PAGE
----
Careers in the medical field are diverse and numerous--there is something for everyone. For those who are intrigued by how the body works and prefer to work more in the technical lab side, here are 10 medical lab careers to consider.
A phlebotomist is responsible for drawing blood samples, preparing the samples for testing, and processing the samples. As a phlebotomist, you will deal directly with patients and do some lab work. Phlebotomists do not work in the lab as much as other lab technicians, but they do get their hands dirty in some lab techniques. A phlebotomist might be asked to use a centrifuge to separate plasma from serum and prepare petri dishes with specimens for further lab processing.
To become a phlebotomist you will need to complete a phlebotomy program. The program can last anywhere from one semester to one year depending on your course load. Phlebotomists have the option of becoming "certified" through testing. It is not required, but some employers prefer it.
According to the American Society of Clinical Pathologists, the average salary for a phlebotomist is $27,040 annually. There are always opportunities to move into supervisory positions which show an average earning of $35,000 annually.
A pathologist uses lab equipment to examine bodily fluids, tissue specimens, and cells to aid in medical diagnosis. A pathologist can be trained in many sub specialties, such as forensic pathology or neuropathology (working with the brain). Pathologists can be found working in hospitals, morgues, or independent labs.
A pathologist is a physician, and because of this, the career path requires many years of schooling. A pathologist usually completes four years of undergraduate education, four years of medical school, and a minimum of three years of pathology residency. A pathologist interested in taking up a subspecialty will have to complete an extra year of residency in that field.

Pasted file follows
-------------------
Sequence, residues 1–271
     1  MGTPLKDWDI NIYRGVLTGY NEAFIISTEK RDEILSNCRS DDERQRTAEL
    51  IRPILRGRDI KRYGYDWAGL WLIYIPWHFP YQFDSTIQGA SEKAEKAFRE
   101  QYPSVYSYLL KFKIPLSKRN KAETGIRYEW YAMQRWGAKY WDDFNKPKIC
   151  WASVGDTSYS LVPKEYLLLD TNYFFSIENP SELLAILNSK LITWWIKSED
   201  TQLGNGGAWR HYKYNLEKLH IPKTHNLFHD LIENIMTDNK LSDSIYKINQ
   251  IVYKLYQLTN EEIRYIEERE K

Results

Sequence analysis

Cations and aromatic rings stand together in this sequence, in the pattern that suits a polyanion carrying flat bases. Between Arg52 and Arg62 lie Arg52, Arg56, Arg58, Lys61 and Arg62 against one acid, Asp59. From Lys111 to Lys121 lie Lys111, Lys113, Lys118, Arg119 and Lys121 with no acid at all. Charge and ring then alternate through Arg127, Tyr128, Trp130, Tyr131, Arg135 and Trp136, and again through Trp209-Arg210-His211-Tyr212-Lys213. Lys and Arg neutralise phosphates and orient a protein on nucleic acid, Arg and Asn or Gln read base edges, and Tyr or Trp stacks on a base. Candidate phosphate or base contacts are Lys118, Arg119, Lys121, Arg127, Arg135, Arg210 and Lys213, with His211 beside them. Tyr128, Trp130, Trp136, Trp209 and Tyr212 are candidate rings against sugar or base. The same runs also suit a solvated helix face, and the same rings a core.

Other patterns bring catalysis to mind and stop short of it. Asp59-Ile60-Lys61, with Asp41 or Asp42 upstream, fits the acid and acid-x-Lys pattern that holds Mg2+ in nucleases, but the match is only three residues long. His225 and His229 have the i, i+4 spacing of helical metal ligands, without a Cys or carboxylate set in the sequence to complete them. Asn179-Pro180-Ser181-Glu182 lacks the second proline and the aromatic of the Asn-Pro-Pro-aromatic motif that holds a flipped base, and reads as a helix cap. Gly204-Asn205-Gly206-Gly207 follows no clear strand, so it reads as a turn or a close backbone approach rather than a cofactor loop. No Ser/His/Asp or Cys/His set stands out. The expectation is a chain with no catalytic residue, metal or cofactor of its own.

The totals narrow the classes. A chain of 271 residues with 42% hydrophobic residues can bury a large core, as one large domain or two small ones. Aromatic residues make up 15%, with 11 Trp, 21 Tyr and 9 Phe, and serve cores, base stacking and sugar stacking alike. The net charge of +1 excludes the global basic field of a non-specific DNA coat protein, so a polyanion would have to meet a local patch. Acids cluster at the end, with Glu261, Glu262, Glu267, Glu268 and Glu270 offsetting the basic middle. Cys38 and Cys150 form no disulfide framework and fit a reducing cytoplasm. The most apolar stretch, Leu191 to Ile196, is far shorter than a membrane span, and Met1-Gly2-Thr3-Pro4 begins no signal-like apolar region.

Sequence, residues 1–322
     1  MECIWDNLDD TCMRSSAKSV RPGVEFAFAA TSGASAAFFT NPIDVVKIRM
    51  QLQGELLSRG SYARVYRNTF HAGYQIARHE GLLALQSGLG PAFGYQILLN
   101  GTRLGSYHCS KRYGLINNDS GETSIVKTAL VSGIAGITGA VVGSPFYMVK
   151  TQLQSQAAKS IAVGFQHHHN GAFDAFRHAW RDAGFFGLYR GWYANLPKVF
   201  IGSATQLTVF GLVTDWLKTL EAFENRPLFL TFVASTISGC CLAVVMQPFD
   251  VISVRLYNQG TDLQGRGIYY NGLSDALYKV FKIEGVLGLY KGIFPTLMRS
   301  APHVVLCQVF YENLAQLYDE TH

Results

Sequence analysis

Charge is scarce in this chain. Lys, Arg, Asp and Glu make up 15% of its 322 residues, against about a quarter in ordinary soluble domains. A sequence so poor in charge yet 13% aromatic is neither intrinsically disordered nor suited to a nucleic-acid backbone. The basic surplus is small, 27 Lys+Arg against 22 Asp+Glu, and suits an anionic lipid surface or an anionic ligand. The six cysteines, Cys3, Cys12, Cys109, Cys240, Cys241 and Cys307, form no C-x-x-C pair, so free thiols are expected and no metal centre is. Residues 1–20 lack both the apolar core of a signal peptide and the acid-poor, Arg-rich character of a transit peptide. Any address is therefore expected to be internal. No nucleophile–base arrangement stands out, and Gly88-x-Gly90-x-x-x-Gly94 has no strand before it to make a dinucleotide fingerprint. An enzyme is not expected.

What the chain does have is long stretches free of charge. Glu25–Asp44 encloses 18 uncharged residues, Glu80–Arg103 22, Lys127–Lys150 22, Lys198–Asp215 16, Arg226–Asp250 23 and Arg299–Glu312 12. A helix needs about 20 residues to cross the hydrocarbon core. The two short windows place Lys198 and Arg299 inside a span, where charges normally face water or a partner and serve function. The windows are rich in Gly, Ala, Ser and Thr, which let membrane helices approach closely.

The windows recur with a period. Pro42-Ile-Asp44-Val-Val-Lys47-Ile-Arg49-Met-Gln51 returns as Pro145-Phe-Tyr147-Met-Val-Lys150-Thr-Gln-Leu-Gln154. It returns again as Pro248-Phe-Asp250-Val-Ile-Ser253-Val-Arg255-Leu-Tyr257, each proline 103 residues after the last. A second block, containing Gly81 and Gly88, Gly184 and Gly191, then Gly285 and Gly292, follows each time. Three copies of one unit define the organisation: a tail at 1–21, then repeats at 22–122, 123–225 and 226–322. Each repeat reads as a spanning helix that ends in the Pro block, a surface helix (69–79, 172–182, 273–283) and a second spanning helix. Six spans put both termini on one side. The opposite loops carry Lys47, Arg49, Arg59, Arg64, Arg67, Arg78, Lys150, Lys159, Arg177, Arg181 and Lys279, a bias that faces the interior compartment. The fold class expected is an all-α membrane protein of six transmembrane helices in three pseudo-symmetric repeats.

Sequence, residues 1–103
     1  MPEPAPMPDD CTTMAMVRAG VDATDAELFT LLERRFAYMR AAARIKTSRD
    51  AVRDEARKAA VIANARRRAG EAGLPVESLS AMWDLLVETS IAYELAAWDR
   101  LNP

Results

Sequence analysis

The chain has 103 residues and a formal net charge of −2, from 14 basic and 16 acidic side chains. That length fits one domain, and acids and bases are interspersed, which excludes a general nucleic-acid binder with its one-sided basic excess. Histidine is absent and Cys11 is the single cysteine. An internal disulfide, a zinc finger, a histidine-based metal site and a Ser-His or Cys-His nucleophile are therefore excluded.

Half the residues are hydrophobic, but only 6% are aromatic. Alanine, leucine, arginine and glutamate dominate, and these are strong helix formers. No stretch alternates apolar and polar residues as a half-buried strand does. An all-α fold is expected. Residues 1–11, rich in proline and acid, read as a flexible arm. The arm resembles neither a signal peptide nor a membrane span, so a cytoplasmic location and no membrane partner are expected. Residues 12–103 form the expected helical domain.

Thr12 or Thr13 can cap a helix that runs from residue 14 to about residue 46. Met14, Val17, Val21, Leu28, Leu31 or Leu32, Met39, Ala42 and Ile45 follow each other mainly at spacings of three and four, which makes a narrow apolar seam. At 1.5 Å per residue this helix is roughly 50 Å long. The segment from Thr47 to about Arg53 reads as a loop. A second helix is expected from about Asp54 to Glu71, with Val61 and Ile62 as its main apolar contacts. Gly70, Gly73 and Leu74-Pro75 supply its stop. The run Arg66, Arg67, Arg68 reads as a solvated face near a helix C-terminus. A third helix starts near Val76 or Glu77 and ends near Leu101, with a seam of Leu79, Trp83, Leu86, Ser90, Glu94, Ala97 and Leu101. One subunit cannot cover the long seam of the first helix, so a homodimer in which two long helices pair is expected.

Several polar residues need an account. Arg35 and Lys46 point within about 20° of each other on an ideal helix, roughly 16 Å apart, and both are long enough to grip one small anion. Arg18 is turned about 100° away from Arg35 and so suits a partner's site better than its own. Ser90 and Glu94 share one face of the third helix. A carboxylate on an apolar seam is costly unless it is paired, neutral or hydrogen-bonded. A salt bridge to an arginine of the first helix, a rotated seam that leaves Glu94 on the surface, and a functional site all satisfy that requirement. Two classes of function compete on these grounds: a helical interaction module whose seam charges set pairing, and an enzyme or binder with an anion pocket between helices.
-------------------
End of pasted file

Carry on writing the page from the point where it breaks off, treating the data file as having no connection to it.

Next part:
A pathologist can make anywhere from $239,000 to $331,842 annually.
Cytology is the study of cells and their structure and function. A cytotechnologist works with a pathologist in examining cells for early detection of diseases like cancer. A cytotechnologist is expected to have an intense knowledge of laboratory technology and research procedures. Cytotechnologists can be found working in private laboratories or hospitals, and some even teach.
To become a cytotechnologist, you must complete a bachelor's degree and a year of special instruction in cytotechnology. Those interested in moving up to supervisory or teaching positions will need experience and advanced degrees.
According to the American Medical Association, the median salary for a cytotechnologist ranges from $68,500 to $70,500.
Medical Lab Technician
A medical lab technician performs a variety of laboratory tasks under the supervision of either a physician or medical technologist, such as: prepare specimens for analysis, monitor tests, and analyze urine, blood, and tissue samples. Medical lab technicians can be found in hospitals, private labs, and pharmaceutical companies. To become a medical lab technician you will need to have a high school diploma or GED and complete a 1-to-2-year associate degree or certification in a medical lab tech program.